DON’T get bogged down trying to perfect your pronunciation. The only thing that matters is that native speakers understand you. You can spend years trying to “perfect” the pronunciation of a single word, whereas you should have spent that time adding new words to your working vocabulary. And besides, your pronunciation will improve as you have more and more contact with Russian speakers.

DON’T put all your eggs in one basket, meaning: Use a variety of courses and materials to find which method works best. This is extremely important because it can literally mean the difference between you becoming a speaker of Russian, or quitting altogether. Unfortunately, some of the “big name” courses do not teach Russian well, and are truly beneficial only to advanced students who already understand the complications of Russian grammar, and have a large working vocabulary.

DON’T get discouraged. Sure, Russian can be confusing at times, but there are clear, underlying principles in how all the bizarre grammar fits together. These rules will unfold clearly over time. Just do your best, and realize that native speakers will understand you regardless.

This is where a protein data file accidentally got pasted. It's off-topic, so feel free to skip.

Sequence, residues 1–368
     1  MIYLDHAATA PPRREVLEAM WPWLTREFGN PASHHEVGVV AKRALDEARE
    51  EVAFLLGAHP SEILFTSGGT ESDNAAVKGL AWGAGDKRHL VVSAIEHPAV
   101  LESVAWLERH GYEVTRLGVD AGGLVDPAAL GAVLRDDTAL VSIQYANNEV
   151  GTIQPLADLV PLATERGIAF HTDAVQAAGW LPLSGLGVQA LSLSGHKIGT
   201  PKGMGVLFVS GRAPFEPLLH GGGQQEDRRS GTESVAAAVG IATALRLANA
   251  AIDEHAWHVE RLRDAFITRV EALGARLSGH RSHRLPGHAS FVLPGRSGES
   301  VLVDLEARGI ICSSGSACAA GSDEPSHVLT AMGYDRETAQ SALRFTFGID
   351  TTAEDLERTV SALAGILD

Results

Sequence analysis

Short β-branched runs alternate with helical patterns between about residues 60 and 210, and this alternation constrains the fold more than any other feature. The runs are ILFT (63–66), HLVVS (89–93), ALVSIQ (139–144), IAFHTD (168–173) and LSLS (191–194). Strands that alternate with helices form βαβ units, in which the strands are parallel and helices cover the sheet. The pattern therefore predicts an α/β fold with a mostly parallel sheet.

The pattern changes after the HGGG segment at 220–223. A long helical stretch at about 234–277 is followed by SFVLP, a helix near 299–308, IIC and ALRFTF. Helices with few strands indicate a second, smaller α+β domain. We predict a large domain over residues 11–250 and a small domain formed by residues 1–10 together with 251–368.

DON’T go in with unrealistic expectations. You’re not going to become a Russian speaker overnight. Realistically, you can become conversational in a few months if you use the right course and study the right way.

And a piece of advice from BM Linguistics: DON’T go on your own – a good company can boost the process. Communication with people is the magic factor that makes you develop your speaking skills at a fantastic speed!

We can offer guidance, result and fun: our Russian language courses will not bring you to proficiency VERY fast (not within a week or two!) but steadily you will feel more and more confident about your being a speaker of this wonderful language.

Previous postHow to begin learning Russian Next postWho says Russian is hard to learn?

When you first start trying to learn a language, it is often difficult to know how to get going, particularly if you are teaching yourself from tapes, or videos or books, or all three.  Here are some hints from a learner who found them useful.